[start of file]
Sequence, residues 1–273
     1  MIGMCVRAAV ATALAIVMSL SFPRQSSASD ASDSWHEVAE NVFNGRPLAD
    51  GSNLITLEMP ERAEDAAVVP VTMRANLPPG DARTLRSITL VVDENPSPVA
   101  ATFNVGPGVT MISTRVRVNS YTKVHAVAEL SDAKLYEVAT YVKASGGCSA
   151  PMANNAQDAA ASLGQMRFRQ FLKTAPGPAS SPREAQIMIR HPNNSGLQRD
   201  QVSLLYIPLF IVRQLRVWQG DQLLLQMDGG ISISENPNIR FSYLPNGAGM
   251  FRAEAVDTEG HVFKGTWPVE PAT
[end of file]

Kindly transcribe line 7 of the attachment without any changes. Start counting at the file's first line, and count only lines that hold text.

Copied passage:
   251  FRAEAVDTEG HVFKGTWPVE PAT